Showing Bolton's Hill and the Turk positions at Gaba Tepe, the Olive Grove and Achi Baba."
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Depicts conflict in bush with Armed Constabulary and Maori Forces. Von Tempsky shown, sword in hand, being shot.
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A black ink and wash sketch by Murray Moorhead, c.1980s. It is presumed to illustrate the attack of Te Kohia Pa, Waitara in 1860 by the Taranaki Mounted Volunteers. Sarten and two unidentified figures on horse back reach for the red flag at Te Kohia Pa (known as the "L" pa due to its layout). On the horizon are colonial troops and weaponary including canons.
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Cartoon depicting an arm sporting the Nazi Party's swastika emblem holding a white flag aloft towards dark clouds in the sky. Refers to the German surrender of early May 1945 at the end of WWII.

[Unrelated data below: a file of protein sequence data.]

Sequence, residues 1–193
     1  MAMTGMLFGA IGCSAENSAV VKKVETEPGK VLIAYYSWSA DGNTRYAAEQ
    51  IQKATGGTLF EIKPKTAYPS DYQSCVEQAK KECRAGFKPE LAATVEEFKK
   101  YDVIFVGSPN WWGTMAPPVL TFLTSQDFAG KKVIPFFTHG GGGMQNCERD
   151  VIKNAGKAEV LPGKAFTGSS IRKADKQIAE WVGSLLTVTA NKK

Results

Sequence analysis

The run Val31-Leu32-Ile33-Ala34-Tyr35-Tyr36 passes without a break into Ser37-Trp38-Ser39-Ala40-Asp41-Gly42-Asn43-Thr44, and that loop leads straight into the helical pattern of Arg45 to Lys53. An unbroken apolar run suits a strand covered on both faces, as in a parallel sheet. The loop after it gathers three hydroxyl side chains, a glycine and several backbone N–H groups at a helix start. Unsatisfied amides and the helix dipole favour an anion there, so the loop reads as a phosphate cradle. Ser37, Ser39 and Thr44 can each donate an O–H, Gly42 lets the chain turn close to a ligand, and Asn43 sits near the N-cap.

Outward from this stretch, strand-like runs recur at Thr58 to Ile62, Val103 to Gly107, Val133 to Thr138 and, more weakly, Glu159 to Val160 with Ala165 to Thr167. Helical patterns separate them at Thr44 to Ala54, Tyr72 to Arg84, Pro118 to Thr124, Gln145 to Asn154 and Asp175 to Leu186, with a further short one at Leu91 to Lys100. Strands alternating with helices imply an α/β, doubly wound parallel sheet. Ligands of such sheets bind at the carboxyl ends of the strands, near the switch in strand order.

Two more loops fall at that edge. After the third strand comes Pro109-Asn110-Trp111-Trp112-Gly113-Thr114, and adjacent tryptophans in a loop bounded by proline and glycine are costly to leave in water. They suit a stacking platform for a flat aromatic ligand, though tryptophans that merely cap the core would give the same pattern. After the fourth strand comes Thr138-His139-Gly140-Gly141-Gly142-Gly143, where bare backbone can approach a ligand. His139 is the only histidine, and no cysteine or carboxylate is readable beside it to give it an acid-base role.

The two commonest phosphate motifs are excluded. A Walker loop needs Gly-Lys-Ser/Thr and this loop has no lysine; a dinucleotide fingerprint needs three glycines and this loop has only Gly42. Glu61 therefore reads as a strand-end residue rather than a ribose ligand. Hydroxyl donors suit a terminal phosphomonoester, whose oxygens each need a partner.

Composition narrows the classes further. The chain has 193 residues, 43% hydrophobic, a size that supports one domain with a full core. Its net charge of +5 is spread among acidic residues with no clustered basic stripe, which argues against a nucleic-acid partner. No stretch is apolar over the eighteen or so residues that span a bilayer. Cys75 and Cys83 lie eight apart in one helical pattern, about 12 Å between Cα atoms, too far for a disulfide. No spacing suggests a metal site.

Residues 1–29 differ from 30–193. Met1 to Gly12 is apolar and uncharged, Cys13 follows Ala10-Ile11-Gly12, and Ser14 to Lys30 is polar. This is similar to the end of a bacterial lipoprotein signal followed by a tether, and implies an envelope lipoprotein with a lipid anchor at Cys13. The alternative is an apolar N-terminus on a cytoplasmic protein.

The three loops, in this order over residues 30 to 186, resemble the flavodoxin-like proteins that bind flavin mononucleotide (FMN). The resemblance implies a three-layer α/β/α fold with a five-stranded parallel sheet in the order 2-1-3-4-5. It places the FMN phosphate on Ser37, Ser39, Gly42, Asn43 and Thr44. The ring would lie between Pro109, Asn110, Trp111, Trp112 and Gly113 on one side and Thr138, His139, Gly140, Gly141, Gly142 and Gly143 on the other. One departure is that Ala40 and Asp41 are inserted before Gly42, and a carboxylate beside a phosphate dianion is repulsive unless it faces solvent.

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Lithograph depicting a Greek belly amphora decorated with scenes relating to the Taranaki Wars (1860-1866) and Tītokowaru's War (June 1868 to March 1869). All the figures represented on the amphora are in Greek style. The main frieze on the body of the amphora shows Riwha Tītokowaru sitting on a tree stump while prodding the embers of a fire with a stick. He is wearing a hat and chequered blanket. He is framed by two ponga trees. A bird with wings depicted as stylised eyes sits in the tree behind Tītokowaru. Behind that tree another Greek vase sits on the ground holding a tewhatewha and a cross. A taniwha figure is pictured in front of the opposite ponga tree. The friezes above the central image show settlers arriving on ships and pulling carts in convoy, a line of sheep and Mount Taranaki. The friezes below the central image show more processions of settlers arriving with carts and goods.